New Covid-19 Antibody Study Results Are In. Are They Right? | WIRED
So-called serological tests work differently from Covid-19 diagnostic tests, which require a nose or throat swab and look for viral RNA. Instead, they check a person’s blood for evidence of an immune response to the virus, which can be found even in people with no symptoms or those who have already recovered from the disease. Researchers have eagerly awaited those kinds of tests to gain insight into the true infection and fatality rates across age groups, and to help answer questions about things like asymptomatic spread and how long antibodies last—a key part of understanding how Covid-19 immunity might work. In early April, more than 3,000 people took the Stanford researchers up on their offer.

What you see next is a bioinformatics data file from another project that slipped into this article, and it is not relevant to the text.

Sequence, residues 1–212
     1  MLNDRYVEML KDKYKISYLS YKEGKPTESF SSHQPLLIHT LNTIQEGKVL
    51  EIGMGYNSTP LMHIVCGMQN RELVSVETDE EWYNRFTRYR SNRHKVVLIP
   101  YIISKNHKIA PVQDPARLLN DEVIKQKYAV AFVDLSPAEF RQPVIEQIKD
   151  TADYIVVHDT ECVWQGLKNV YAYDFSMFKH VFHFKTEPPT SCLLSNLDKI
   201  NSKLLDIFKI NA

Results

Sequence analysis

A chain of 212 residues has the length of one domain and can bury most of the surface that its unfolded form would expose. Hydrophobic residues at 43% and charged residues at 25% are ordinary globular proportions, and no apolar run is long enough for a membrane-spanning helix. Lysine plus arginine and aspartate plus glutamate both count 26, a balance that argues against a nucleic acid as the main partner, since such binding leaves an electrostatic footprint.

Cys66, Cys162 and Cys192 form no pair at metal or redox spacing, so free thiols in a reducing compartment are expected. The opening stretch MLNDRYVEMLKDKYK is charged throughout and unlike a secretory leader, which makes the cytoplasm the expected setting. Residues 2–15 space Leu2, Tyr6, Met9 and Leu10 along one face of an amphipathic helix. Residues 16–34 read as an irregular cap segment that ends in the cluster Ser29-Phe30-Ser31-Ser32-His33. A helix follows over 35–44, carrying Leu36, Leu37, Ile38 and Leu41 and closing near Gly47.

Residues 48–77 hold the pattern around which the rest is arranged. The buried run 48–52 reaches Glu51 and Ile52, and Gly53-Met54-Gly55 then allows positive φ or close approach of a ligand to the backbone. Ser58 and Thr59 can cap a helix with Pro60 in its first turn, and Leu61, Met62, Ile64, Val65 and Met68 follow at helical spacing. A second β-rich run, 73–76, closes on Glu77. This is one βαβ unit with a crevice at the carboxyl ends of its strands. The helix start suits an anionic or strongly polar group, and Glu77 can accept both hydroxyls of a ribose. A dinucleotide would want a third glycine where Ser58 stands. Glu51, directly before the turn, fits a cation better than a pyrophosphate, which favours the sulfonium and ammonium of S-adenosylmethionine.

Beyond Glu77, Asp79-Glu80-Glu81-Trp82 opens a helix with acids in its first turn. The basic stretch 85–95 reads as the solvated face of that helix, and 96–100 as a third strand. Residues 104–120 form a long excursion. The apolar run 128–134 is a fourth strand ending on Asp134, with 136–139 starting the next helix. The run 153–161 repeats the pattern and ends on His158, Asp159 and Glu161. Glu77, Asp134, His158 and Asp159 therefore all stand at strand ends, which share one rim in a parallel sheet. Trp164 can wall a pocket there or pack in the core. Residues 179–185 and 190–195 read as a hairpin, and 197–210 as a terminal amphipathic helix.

The results, posted Friday by the Stanford researchers as a preprint, haven’t been peer-reviewed. But they have gotten a lot of attention. And they’ve quickly become emblematic of this age of rapid-fire scientific communications: Surprising results are widely shared before they’re published in an academic journal, followed by an attempt at peer review by Twitter thread.
via: New Covid-19 Antibody Study Results Are In. Are They Right? | WIRED